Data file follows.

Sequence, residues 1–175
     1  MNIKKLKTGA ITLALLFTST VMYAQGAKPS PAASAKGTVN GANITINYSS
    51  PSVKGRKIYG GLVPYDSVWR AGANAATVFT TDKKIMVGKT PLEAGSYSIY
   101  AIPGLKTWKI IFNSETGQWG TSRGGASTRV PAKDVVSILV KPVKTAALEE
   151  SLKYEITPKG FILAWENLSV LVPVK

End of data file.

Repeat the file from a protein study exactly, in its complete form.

Sequence, residues 1–175
     1  MNIKKLKTGA ITLALLFTST VMYAQGAKPS PAASAKGTVN GANITINYSS
    51  PSVKGRKIYG GLVPYDSVWR AGANAATVFT TDKKIMVGKT PLEAGSYSIY
   101  AIPGLKTWKI IFNSETGQWG TSRGGASTRV PAKDVVSILV KPVKTAALEE
   151  SLKYEITPKG FILAWENLSV LVPVK